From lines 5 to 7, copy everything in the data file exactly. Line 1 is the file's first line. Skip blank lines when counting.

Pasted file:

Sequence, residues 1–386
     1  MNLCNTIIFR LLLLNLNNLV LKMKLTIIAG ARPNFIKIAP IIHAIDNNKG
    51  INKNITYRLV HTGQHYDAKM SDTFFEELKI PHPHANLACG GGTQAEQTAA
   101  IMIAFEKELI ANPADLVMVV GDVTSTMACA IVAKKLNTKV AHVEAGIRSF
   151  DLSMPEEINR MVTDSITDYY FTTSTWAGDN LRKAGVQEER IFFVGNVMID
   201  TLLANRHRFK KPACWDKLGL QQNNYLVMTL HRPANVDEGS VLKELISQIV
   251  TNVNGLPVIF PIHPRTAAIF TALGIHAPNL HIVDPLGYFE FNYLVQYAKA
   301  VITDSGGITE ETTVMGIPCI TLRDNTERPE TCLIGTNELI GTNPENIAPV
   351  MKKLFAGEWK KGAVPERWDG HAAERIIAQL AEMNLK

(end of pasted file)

   151  DLSMPEEINR MVTDSITDYY FTTSTWAGDN LRKAGVQEER IFFVGNVMID
   201  TLLANRHRFK KPACWDKLGL QQNNYLVMTL HRPANVDEGS VLKELISQIV
   251  TNVNGLPVIF PIHPRTAAIF TALGIHAPNL HIVDPLGYFE FNYLVQYAKA